The role of work-integrated learning in student preferences of instructional methods is largely unexplored across the accounting curriculum. This study conducted six experiments to explore student preferences of instructional methods for learning, in six courses of the accounting curriculum that differed in algorithmic rigor, in the context of a high power distance society, Sri Lanka. Two hundred and ninety-seven accounting students attending a major Sri Lankan university took part in the study. For six courses in the curriculum, the study investigated students’ preferences of traditional, interactive, and case-study-based group instructional methods. All students least preferred the traditional instructional method across all courses. All students most preferred the interactive instructional method for high algorithmic courses. However, work integrated learning students most preferred instructional methods that differ from other students for lower algorithmic courses. The implications are outlined for an algorithmic pedagogy such as an accounting curriculum.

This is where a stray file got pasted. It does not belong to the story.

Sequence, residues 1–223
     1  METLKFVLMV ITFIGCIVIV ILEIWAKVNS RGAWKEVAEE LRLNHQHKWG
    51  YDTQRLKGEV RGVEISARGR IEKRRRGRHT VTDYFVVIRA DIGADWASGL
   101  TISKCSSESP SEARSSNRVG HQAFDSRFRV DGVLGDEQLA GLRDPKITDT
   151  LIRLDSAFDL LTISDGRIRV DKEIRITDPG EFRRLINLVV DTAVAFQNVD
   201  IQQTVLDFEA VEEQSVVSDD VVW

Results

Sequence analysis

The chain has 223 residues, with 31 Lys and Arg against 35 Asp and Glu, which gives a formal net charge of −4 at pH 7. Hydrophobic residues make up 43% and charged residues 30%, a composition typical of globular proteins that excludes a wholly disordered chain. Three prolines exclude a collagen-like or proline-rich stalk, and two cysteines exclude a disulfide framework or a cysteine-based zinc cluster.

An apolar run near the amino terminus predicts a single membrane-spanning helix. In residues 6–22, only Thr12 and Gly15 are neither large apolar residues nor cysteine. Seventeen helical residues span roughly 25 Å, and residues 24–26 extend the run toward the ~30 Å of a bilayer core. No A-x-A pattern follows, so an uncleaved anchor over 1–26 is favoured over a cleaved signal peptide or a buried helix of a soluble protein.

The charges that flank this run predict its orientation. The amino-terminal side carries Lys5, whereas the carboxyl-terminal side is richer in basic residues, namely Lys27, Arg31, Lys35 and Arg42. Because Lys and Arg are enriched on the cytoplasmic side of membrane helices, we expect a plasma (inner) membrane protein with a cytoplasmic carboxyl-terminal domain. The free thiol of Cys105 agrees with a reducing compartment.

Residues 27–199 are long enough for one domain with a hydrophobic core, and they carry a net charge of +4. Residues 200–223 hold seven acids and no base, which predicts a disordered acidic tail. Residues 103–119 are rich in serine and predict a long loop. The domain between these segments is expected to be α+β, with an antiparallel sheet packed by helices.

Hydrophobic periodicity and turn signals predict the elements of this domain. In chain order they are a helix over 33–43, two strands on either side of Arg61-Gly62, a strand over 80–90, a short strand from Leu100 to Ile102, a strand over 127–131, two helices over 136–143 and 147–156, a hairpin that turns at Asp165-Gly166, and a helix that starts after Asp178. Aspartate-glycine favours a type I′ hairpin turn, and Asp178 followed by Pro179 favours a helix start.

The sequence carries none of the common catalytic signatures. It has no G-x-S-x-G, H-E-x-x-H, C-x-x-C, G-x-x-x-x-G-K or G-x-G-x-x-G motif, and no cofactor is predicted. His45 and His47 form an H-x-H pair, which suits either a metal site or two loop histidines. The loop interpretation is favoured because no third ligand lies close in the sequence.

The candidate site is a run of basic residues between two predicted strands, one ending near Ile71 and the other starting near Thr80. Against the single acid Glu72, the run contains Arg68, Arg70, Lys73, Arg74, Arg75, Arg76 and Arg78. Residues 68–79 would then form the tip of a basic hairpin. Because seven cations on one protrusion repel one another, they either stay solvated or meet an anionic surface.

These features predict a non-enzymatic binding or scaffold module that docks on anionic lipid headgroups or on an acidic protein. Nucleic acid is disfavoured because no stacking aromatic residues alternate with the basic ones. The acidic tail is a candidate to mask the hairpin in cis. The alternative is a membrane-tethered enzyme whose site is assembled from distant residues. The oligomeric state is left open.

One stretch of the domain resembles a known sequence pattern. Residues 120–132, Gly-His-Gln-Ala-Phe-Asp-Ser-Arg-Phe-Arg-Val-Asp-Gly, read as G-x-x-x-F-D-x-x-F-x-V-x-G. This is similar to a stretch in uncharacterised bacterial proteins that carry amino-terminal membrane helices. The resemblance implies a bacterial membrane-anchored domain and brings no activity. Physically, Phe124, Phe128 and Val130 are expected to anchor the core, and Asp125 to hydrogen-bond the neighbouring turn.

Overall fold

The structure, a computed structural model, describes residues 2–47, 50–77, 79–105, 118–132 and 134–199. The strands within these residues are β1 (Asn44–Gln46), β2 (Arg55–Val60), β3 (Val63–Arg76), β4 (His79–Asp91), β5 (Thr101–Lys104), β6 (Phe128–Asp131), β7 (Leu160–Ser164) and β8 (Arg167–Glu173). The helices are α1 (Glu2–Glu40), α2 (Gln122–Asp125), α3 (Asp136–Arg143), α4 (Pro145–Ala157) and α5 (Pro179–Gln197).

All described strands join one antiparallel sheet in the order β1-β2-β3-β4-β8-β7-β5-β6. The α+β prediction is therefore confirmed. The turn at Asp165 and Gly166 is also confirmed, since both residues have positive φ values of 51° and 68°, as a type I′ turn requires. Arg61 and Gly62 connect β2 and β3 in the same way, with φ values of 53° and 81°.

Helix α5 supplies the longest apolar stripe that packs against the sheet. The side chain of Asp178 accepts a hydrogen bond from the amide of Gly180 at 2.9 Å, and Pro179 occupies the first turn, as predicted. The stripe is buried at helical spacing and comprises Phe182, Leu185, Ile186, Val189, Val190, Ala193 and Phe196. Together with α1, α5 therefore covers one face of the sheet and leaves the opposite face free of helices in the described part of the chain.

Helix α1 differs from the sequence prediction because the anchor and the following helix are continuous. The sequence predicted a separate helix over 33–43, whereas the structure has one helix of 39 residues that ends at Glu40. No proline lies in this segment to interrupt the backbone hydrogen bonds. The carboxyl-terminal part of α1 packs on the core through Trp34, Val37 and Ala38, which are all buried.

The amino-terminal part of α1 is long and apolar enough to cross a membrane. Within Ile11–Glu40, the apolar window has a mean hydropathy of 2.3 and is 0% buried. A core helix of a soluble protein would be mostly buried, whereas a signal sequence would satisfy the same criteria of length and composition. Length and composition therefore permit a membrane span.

|Number of pages||16|
|Journal||Asia-Pacific Journal of Cooperative Education|
|Publication status||Published - 2015|